1. An improvement in an amusement device which comprises a generally coplanarrectangular board that has a central balancing axis which divides the board into two opposite portions, a plurality of playing pieces for said board, and means integral with said board for supporting and balancing said board above an underlying surfacetogether with said playing pieces thereon in position to start game play, said board having downwardly extending edges along its sides from said supporting and balancing means, wherein the improvement comprises balancing adjustment means slidably andselectively received on one of said edges, each said edge having a uniform cross-section including a thinner portion which is farther away from the bottom of said edge than a thicker portion adjacent same, said balancing adjustment means comprisingU-shaped grasping means adapted to bear resiliently on both sides of said thinner portion and a weight portion extending normally outwardly from said grasping means and substantially horizontally away from said edge, said grasping means surrounding saidthicker portion and being slidable along said thinner portion to move the center of gravity of said board in its direction of movement and to adjust same so that said board tilts about said supporting and balancing means upon application of the samemoment on either side of said central balancing axis.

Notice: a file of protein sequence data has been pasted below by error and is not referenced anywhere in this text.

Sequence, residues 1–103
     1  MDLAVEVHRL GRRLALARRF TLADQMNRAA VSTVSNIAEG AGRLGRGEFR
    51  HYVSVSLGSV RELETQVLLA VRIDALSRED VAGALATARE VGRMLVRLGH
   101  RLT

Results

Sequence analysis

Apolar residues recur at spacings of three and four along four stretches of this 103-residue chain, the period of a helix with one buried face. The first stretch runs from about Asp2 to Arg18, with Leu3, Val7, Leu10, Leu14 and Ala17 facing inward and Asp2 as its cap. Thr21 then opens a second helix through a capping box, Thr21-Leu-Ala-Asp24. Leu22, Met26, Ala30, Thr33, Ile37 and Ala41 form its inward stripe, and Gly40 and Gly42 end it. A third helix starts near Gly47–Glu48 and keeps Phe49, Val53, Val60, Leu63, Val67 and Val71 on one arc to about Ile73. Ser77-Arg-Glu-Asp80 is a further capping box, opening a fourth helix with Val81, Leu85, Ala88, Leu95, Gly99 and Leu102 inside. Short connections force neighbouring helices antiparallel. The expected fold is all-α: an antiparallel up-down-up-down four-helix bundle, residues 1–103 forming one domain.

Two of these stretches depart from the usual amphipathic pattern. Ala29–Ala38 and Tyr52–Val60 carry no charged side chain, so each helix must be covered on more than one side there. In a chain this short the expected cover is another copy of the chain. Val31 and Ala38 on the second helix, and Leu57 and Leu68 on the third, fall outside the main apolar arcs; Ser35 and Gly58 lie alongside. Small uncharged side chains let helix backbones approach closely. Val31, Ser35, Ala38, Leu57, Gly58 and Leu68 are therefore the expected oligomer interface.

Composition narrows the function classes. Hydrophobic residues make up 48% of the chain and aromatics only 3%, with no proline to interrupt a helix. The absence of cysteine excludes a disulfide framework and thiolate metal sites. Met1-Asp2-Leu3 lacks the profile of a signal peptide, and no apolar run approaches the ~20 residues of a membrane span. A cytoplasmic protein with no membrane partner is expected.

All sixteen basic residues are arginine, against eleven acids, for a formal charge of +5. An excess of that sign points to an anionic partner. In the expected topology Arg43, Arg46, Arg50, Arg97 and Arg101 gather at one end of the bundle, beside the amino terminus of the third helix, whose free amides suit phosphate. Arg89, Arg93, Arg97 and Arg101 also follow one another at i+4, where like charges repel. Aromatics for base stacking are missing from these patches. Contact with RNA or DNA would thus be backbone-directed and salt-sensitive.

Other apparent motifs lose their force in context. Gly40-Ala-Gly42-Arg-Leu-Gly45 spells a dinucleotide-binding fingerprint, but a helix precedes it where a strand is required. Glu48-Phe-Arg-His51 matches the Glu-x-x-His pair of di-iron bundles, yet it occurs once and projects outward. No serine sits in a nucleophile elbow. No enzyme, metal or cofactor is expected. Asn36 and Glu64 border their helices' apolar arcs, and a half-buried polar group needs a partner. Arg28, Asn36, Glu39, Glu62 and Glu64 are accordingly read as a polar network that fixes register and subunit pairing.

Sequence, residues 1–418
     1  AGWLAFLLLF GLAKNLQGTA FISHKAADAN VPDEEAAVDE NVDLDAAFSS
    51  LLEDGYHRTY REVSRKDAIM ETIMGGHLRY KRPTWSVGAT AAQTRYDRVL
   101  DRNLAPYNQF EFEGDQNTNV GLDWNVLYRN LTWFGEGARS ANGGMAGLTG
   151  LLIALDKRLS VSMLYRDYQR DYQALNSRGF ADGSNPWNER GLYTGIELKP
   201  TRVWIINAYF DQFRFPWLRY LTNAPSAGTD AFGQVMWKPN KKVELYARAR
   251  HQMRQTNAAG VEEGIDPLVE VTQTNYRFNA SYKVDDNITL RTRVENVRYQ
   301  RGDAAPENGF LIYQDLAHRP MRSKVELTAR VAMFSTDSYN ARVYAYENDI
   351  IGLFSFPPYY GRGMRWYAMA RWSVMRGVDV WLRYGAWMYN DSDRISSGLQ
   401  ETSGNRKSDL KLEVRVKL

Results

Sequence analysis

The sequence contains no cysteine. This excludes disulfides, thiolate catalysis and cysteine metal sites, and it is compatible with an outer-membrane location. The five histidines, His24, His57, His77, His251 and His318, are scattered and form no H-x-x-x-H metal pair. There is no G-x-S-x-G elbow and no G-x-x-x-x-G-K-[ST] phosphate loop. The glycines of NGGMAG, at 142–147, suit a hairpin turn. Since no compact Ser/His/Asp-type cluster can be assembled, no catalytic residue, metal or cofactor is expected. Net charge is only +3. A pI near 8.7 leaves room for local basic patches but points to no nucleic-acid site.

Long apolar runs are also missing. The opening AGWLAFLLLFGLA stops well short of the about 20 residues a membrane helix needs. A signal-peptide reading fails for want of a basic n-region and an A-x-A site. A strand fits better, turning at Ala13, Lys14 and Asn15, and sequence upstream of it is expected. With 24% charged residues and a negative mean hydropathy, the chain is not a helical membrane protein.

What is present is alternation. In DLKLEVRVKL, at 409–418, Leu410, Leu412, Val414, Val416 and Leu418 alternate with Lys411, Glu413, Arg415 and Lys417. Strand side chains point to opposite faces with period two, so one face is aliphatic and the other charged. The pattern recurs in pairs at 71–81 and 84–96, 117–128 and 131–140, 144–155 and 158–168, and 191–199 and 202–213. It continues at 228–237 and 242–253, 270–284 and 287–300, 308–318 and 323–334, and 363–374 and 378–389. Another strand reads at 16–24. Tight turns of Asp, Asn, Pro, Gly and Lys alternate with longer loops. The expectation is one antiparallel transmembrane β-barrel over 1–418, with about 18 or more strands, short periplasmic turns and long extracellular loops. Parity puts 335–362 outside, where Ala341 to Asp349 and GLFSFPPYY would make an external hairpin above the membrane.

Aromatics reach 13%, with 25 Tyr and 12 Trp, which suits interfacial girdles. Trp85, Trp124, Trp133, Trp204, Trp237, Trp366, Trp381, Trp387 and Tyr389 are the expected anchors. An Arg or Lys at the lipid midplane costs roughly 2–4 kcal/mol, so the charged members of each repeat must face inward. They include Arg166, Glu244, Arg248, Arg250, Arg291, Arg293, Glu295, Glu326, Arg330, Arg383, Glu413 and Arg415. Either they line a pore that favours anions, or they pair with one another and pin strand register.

2. An improved amusement device in accordance with claim 1 wherein said weight portion is at all times, when said board is in balance, maintained at a relatively lower level than said supporting and balancing means.

3. An improved amusement device in accordance with claim 1 wherein said edges are disposed substantially vertically.

4. An improved amusement device in accordance with claim 3 wherein grasping means includes legs and said weight portion extends normally from said legs of said grasping means.

5. An improved amusement device in accordance with claim 4 wherein said weight portion extends generally in an inboard direction, the outboard leg of said grasping means having a hemisphere portion which bears on said thinner portion.

6. An improved amusement device in accordance with claim 5 wherein the inboard leg of said grasping means comprises a backing seat, said weight portion extending from said backing seat in a direction opposite from where said backing seat bearsagainst said edge.

7. An improved amusement device in accordance with claim 1 wherein the weight of said balancing adjustment means is in a range of 0.003 to 0.004 of the weight of said board.

8. An improved amusement device in accordance with claim 1 wherein said edge is inclined from the center of said board upwardly relative to the top of said board.